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Thursday, August 16, 2018

Rooster Summer, written by Robert Heidbreder and illustrated by Madeline Kloepper. Groundwood Books, 2018. $16.95 ages 7 and up

"Some cooler days
we do attic play,
where trunks, boxes, corners
are full of come what may.
We love the old clothes,
toss them on any which way
and play, play, play -
school, storybook people,
tough-talking city folk,
fancy-pants rich guys,
hoity-toity dancers at a ball.
This we like best of all."

It was such fun to read this book, and to remember events from my past. My brother and I spent time with family on their prairie farm for a few weeks during the summers from ages nine to thirteen or so. He loved being on the land and getting dirty; I loved being at the lake. Before we could go, the work had to be done. So, we picked vegetables, helped pack a picnic and would head off for the afternoon with my aunt.

Robert Heidbreder shares memories from his childhood in poetry about a pair of siblings who are spending the summer on their grandparents' farm. Each of their little excursions include the companionship of four very special animals - Rexter is a rooster, Seed-Sack is a mule, Tuffin is a cat, and Ginger-Tea is a replacement dog for the one that has just died.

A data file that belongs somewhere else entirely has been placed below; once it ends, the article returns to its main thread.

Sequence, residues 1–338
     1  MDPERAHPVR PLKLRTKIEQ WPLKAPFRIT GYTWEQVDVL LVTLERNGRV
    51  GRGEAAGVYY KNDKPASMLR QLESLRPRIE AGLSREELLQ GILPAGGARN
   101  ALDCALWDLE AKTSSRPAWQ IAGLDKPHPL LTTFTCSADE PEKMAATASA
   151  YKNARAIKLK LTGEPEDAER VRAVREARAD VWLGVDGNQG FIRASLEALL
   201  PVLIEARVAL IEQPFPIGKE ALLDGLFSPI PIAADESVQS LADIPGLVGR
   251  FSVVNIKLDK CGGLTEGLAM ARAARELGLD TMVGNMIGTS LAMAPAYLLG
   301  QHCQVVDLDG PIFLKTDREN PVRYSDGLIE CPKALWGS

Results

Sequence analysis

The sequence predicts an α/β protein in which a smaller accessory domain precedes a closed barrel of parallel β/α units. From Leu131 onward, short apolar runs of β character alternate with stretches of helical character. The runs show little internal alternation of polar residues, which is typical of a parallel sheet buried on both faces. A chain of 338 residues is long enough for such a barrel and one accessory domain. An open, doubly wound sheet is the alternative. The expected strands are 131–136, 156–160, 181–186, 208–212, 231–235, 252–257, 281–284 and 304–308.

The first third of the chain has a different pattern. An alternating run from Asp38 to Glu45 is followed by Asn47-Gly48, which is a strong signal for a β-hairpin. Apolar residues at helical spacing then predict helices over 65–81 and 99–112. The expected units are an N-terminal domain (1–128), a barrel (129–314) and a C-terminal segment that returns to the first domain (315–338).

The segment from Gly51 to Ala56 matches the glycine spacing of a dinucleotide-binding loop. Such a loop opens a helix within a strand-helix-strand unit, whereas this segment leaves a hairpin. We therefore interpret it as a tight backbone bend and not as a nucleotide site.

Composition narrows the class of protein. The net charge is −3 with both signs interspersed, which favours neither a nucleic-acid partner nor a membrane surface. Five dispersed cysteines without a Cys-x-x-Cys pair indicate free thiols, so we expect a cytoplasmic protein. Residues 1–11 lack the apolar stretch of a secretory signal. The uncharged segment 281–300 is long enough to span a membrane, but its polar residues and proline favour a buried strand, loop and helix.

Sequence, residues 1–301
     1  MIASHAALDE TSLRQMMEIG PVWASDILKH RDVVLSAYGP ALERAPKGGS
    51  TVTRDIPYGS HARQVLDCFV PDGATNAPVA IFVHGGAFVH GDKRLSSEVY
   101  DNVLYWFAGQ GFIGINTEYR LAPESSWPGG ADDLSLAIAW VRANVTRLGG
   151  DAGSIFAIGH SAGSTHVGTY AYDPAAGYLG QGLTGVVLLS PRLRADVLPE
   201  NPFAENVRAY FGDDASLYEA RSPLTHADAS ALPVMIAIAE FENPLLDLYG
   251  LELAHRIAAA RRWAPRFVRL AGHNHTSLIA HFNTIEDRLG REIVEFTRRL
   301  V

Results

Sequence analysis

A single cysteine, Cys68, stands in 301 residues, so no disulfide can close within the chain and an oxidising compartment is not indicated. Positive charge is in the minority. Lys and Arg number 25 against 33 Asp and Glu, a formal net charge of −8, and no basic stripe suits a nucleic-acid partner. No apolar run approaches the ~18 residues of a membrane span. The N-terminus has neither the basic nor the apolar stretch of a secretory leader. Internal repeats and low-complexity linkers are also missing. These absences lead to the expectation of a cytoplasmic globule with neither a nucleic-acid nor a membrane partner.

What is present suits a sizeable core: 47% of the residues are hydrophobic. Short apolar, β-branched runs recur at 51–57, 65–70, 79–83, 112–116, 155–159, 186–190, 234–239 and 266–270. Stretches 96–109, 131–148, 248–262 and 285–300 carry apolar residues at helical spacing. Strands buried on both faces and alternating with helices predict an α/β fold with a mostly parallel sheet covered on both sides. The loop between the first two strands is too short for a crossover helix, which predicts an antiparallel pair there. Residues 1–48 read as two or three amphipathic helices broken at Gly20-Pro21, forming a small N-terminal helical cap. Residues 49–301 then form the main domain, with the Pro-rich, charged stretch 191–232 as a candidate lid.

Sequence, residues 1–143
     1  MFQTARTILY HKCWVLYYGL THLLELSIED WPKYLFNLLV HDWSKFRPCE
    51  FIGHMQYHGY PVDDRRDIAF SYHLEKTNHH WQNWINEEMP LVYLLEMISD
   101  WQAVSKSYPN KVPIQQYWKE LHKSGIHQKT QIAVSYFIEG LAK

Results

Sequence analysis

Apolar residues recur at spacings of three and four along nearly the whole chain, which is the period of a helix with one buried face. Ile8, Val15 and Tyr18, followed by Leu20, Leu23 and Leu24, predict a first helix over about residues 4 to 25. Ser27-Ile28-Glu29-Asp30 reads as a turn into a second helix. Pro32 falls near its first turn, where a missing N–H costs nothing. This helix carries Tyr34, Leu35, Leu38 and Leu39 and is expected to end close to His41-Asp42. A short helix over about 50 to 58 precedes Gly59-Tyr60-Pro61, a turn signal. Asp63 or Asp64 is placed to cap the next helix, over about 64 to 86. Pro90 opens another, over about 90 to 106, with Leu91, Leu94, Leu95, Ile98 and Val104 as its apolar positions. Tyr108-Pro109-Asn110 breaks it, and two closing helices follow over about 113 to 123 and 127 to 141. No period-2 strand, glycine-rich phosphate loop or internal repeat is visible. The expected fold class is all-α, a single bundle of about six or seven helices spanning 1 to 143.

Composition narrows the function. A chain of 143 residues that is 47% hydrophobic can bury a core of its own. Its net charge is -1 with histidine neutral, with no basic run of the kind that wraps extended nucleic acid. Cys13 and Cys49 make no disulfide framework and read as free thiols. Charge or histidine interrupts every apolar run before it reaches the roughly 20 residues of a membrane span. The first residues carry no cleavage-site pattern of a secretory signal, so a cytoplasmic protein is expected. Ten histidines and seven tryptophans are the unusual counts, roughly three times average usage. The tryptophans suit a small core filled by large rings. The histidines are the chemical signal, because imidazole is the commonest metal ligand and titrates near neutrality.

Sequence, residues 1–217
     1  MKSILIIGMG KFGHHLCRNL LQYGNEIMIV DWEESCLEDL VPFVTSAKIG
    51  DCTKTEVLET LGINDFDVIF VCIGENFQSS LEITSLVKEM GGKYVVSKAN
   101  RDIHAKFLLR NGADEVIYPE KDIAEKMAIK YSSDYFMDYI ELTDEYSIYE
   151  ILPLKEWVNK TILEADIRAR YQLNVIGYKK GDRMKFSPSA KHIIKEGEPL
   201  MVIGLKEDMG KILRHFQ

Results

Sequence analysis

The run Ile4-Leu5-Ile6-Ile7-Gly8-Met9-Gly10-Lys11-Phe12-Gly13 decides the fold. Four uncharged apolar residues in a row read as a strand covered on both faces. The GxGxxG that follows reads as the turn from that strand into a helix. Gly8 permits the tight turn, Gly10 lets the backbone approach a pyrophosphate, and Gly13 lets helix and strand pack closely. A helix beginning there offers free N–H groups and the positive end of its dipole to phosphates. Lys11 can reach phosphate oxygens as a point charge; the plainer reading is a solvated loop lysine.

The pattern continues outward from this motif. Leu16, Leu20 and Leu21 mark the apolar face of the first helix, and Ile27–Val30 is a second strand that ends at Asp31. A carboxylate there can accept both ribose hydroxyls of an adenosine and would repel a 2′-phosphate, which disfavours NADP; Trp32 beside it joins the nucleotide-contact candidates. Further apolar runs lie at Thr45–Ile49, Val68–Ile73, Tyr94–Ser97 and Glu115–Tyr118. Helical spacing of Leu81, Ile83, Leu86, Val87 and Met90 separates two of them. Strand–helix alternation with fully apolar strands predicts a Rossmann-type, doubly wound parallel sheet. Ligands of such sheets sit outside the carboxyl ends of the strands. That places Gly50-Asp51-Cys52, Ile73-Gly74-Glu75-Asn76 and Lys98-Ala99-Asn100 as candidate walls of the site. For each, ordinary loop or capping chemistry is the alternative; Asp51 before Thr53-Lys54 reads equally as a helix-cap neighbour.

Farm life proves to be an enjoyable time even though there is daily work to be done. They gather eggs, then entertain train passengers as the train slowly makes its way to the city.

"City folks on the go
need a barnyard show,"
Grandpa says.
In a rag-tag line
we shuffle back,
singing high and low.
"City folks on the go
need a barnyard show!"

Imagine the stories those people have to share when they get back to the city.

The garden abounds with colorful delight, and waiting for the watermelons to ripen seems endless. Playing in the barn offers new adventure and a chance to make friends with its feline residents. Tuffin is one of them, and they do their best to make her comfortable with their presence. Dusk and its approaching darkness offer a chance to see a myriad of stars, something children rarely see in the city. Splashing in the creek, running from a coming storm, and discovering a quiet hen yard after a fox has visited are all a part of their summer life at the farm.

"We get hammers, nails, wood,
and work to make it strong and good.
"Foxes, they gotta eat too, I guess,"
Grandma whispers,
a little sad, we think.

Life in the barnyard can sometimes be hard."

Those who read this book with very much enjoy the many adventures, and will be pleased to meet and get to know both Rexter and Seed-Sack. They play a lively role in many of the day's events.  The book is perfect for reading aloud, and for discussing character development as each of the poems is shared. Madeline Kloepper's pastoral artwork is created using inks, gouache, graphite and digital technique. Using shades of brown, orange and yellow she evokes the warmth of a farm summer and add context for the memories shared here.

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